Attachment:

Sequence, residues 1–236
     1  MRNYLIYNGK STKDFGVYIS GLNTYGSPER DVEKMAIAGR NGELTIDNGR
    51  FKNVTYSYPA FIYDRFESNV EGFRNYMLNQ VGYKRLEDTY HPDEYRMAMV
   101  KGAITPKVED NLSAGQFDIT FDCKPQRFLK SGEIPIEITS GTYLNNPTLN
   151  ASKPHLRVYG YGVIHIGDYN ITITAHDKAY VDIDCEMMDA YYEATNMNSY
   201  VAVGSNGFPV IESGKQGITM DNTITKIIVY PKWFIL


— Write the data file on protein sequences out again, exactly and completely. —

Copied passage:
Sequence, residues 1–236
     1  MRNYLIYNGK STKDFGVYIS GLNTYGSPER DVEKMAIAGR NGELTIDNGR
    51  FKNVTYSYPA FIYDRFESNV EGFRNYMLNQ VGYKRLEDTY HPDEYRMAMV
   101  KGAITPKVED NLSAGQFDIT FDCKPQRFLK SGEIPIEITS GTYLNNPTLN
   151  ASKPHLRVYG YGVIHIGDYN ITITAHDKAY VDIDCEMMDA YYEATNMNSY
   201  VAVGSNGFPV IESGKQGITM DNTITKIIVY PKWFIL